Hackers masquerading as global banks are pushing backdoored Windows applications
Hackers masquerading convincingly as global financial institutions are using backdoored Windows applications to deliver malware as part of an ongoing spear-phishing campaign, new research from UK-based threat intelligence firm Cyjax reveals — with the applications seeing very low detection ratings on VirusTotal.
Following up on a May 12 FBI private industry notification about the spear-phishing campaign, Cyjax identified “additional files and phishing pages connected to this ongoing campaign that has been running since at least 2017.” (IOCs are here). These include domains masquerading as some of the world’s highest profile banks.
The attackers send a targeted email to the target containing one such URL and login credentials for a fake website. When these credentials are used to enter the site, the victim downloads an installer which unpacks a ZIP file. This delivers the backdoored application (built using open source tool Squirrel) which, if executed by the user, provides access to the device via a legitimate remote access tool like TeamViewer.
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By way of example, FBI pointed in its advisory to one recent attack by the unknown group which saw them impersonate a US-based financial institution to target an American renewable energy company. The spear-phishing email referenced a fictitious loan and instructed the target organisation’s employees to download a Windows application so as to complete the loan process to receive $62 million.
Implausible though this may seem as a technique, given the financial scale, threat actors are becoming highly sophisticated at crafting such emails; often picking up on email chains from previously leaked tranches of emails (e.g. of a customer) to lend legitimacy to the correspondence.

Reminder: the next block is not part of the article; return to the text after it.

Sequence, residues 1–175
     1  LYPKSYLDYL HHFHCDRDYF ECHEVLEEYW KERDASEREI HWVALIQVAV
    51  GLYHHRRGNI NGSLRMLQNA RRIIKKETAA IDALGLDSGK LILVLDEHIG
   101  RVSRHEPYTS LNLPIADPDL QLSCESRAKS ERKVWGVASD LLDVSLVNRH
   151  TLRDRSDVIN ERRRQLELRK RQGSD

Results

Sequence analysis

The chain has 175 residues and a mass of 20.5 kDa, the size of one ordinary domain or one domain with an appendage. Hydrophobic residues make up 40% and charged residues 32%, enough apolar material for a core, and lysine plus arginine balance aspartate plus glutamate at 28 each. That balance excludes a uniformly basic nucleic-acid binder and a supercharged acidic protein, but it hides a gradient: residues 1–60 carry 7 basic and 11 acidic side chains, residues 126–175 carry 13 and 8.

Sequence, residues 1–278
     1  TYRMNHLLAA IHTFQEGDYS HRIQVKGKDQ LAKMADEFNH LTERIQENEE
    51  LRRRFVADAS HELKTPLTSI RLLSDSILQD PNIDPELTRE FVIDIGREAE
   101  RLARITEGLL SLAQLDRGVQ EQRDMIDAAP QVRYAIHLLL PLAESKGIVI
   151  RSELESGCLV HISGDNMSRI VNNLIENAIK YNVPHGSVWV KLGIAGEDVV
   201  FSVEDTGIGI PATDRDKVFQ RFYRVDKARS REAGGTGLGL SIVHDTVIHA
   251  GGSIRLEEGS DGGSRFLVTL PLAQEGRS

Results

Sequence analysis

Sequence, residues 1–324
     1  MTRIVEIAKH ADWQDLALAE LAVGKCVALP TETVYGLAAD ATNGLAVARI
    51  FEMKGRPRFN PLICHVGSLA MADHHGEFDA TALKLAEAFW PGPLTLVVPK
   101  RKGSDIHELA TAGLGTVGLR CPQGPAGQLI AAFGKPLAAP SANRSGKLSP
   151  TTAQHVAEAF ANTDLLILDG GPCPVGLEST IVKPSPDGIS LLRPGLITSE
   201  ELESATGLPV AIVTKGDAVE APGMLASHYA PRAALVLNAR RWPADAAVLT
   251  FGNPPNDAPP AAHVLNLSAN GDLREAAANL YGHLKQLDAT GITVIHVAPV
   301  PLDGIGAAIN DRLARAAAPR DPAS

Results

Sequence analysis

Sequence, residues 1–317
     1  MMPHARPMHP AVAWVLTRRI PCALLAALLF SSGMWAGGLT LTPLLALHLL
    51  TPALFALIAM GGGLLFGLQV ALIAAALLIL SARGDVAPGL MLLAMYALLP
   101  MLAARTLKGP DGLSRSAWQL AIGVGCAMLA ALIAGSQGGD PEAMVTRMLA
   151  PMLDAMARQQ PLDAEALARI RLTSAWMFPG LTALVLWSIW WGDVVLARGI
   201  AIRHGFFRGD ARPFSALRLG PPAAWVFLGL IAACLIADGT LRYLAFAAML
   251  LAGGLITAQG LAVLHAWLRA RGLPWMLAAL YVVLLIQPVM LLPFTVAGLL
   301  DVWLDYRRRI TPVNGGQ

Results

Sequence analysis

In 2020 for example., one Premier League football club’s Managing Director fell victim to a spear-phishing attack that led him to spoof Microsoft 365 login page, where he passed on his credentials to criminals — who assumed the identity of the MD and communicated with another club to set up a £1 million player transfer. The subsequent financial transaction was only thwarted because the bank had a fraud marker against the account.
Investigating the FBI notice further, Cyjax also found that the same servers used by the attackers also hosted several domains impersonating the FBI, Europol, HM Revenue & Customs, the Bank of England, US Federal Reserve, US Treasury, and the World Bank. These had yet to be used.
Actively used in the campaign were domains and fake Windows applications dressed up as institutions like Cumberland Private Wealth, Truist, First National Bank of America, MayBank Private Malaysia, Central Bank of West African States (BCEAO), Chase Trust, and the Postal Savings Bank of China, BNY Mellon, Scotiabank Panama, Multibank Panama, BB&T, and MetroBank.
“This highly targeted campaign has yet to be attributed to a known APT or cybercriminal group” said Cyjax. “Its success rate is currently unknown, but the campaign combines multiple techniques corresponding to somewhat sophisticated cybercriminals, making it a serious threat. Using the information harvested from backdoored systems, the attackers can access their victims’ accounts and various other sensitive data to further compromise the target networks or steal more funds.
As Cyjax notes, using fake applications as part of a social engineering campaign is not new news in itself: North Korean APT the Lazarus Group, for example, used its backdoored AppleJeus application to target hundreds of organisations in over 30 countries during 2020.